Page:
“Keeping your personal information secure is of the utmost importance to us,” the letter reads.

Sure it is. That’s why the names, addresses, Social Security Numbers, credit card numbers and credit card expiration dates of some 300,000 clients was neatly packed in a backpack in the back of a “locked” car in San Francisco. I guess someone exercised some degree of care—I mean the car might have been left unlocked.

The letter goes on to say:

“CBR also brought in computer security experts to evaluate potential risks. Our experts have advised us there is no indication that any of your personal information has been accessed or misused.”

It should really read, “… no indication that your personal information has been accessed or misused yet.” The information is out there. It’s been in the press. Rest assured, somewhere out there identity thieves are making inquiries.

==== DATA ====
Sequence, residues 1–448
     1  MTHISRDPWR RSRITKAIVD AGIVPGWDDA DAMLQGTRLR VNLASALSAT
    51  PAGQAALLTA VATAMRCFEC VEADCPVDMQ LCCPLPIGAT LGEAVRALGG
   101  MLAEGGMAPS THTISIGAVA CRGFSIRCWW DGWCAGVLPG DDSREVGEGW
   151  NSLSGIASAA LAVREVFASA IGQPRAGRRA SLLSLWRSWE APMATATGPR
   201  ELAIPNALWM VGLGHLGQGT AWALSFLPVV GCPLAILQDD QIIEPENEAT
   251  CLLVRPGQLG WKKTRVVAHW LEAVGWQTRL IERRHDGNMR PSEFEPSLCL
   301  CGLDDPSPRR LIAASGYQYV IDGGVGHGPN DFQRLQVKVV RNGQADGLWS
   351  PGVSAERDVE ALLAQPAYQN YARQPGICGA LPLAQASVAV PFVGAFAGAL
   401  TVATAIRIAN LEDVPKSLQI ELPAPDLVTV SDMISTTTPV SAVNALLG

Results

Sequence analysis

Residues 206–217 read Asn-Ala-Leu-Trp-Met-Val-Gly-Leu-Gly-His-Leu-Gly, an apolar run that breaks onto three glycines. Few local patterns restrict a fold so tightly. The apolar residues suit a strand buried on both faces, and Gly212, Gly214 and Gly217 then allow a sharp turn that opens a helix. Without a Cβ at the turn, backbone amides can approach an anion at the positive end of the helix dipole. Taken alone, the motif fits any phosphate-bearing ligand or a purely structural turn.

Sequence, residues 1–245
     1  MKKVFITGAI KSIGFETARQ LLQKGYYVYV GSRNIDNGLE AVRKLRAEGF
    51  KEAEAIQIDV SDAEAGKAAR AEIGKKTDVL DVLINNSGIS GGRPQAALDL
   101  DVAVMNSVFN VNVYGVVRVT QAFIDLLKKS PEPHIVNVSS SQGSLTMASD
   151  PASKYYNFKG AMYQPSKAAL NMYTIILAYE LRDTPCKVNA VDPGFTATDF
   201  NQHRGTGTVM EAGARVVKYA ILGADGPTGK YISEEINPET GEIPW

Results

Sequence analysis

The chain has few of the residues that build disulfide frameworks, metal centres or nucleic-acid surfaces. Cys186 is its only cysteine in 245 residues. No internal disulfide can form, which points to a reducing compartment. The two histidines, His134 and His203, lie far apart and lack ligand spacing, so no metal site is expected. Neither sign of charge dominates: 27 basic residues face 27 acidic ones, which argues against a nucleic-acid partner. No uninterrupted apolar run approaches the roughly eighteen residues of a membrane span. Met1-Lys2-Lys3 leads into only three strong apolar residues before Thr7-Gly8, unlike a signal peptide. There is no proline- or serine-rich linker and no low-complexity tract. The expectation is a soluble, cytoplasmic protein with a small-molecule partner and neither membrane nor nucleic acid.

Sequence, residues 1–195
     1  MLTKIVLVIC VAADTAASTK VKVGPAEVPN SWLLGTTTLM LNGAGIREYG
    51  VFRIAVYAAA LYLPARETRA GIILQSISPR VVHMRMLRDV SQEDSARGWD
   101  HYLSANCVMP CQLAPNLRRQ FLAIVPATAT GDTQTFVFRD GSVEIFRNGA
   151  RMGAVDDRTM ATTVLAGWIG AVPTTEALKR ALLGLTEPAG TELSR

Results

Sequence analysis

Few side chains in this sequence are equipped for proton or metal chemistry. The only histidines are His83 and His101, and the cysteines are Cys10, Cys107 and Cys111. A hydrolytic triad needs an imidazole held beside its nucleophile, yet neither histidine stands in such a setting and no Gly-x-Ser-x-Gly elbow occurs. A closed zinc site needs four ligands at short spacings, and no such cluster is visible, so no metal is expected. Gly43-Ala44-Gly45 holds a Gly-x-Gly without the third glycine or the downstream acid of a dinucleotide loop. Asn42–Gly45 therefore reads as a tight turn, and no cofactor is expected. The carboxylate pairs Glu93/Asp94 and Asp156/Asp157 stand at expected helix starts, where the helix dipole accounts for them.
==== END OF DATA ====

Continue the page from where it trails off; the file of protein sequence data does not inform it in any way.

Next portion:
But the best is yet to come.

Next: The Big Payback »

Image: Xenïa Antunes, via Flickr.com

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  • ann

    I’d like to know why unencrypted personal data like this is leaving the premises.

    “Apparently, a backpack containing three unencrypted storage tapes, a Dell laptop, zip drive and external hard drive was stolen from a CBR employee’s car, shortly before midnight on December 13, 2010 outside of 365 Main Street—a private data center in San Francisco.”

    Yes, I received a letter also…not very happy.

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  • Mark